Practising and upholding the precepts

A better understanding of the second noble truth

Whoever is overcome by this wretched and sickly craving, his sorrows grow like grass after the rain. — the Buddha

I am a Buddhist practitioner, and I am also an alcoholic. I have seldom heard people address these labels as being related, although I am not suggesting that only addicts suffer due to craving. However, who but an addict would have a better understanding of the second noble truth, in which the Buddha states that the cause of suffering was craving?

A gold buddha statute on a river.

The Buddha said, “Until the craving that lies dormant is rooted out, suffering springs up again and again.” (Photo by Akuppa John Wigham)

A substance abuser’s suffering is blatant. It is also relatively easy to identify the cause of this dissatisfaction. Not only are we linked to our addictions psychologically, but also physically as well. Even after many years of being clean, we may be struck by the urge to use mind-altering drugs or alcohol.

I have been clean and sober for about six and a half years and now have no desire to use drugs or to drink. I regard my sobriety as a spiritual experience. There was no blinding light, no prophetic revelation from the Buddha. Rather, it was a process. By learning the basic principles of Buddhism and trying to practice them in my life, I began to change. There was an upheaval in my character defects. My values changed, and I began to have a new belief system. Vowing to uphold the precepts, I swore to abstain from taking intoxicants. Sounds pretty simple, huh? I just gave my addiction up.

Over the past several years that I have been clean, I have slowly ceased viewing myself as an alcoholic or addict. That is a fragment of my past. I began to identify myself more and more with the label “Buddhist.” It sounds so much more pleasant than “dope fiend” or “falling-down drunk.” Somewhere along the way I decided that I was fixed. “I have no desire to be drunk or high,” I thought. “So obviously I am well now. I will never use again.”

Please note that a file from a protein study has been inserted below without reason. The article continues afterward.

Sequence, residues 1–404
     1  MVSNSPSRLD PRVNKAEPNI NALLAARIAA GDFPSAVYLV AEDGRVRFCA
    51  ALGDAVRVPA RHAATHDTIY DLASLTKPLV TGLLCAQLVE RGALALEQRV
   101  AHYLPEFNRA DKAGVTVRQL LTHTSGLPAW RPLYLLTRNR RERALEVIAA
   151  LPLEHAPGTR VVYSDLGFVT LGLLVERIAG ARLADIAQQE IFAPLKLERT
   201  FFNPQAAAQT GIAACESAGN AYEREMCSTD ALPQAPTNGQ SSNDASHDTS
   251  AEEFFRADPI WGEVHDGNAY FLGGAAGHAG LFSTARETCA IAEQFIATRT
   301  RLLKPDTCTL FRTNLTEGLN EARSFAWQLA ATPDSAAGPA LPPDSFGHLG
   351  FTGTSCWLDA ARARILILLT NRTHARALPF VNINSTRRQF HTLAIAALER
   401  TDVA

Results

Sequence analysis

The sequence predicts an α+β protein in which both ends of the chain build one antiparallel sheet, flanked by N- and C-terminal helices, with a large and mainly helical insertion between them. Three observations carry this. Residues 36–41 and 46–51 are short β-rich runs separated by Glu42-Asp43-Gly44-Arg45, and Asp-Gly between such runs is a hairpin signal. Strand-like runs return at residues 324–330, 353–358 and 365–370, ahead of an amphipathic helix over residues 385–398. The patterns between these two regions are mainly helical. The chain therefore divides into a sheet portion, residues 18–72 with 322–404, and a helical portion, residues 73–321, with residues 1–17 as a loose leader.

A review of past and recent events has led me to question these statements. It has brought me back to the realization that, in fact, I am an alcoholic. I am a drunk. I am a dope fiend. It’s just that I am not currently practicing those behaviors. The Buddha said, “Until the craving that lies dormant is rooted out, suffering springs up again and again.” My addiction lies dormant. I have to acknowledge that and recognize that all it takes is for me to use one time and the addiction will again be active. If I get just one taste of an intoxicant, it means my return to a nearly constant state of suffering.

What is to be done with my addiction? Can I eradicate this destructive desire from my life? Can I become well through faith? Maybe will power can sustain me? I don’t know. The only answer that I have right now is to search for more answers. What I do know is that this is a serious issue. The collective recidivism rate for prisoners in the USA is high. So many of these people are high or drunk when they make the decisions that lead them back to prison. And they are the lucky ones, aren’t they? Being a Buddhist didn’t stop Dan from shoving a needle into his arm not long after he was released. Taking a vow to abstain from intoxicants didn’t stop him from dying due to the craving from addiction.

So what do I do? I continue to investigate my mind and stay constantly on guard for shortcomings in my thinking process. I seek to correct the thoughts that lead me to engage in destructive behavior and investigate how my feelings often control my thoughts and vice versa. I must be mindful of these things as well as of the consequences that others and I will suffer if I choose to drown my body and mind in drugs and alcohol. I have to have solid recognition that I have a disease, and at the same time, to know that the Three Jewels offer me a remedy.

He who … is ever mindful—it is he who will make an end to craving. — the Buddha

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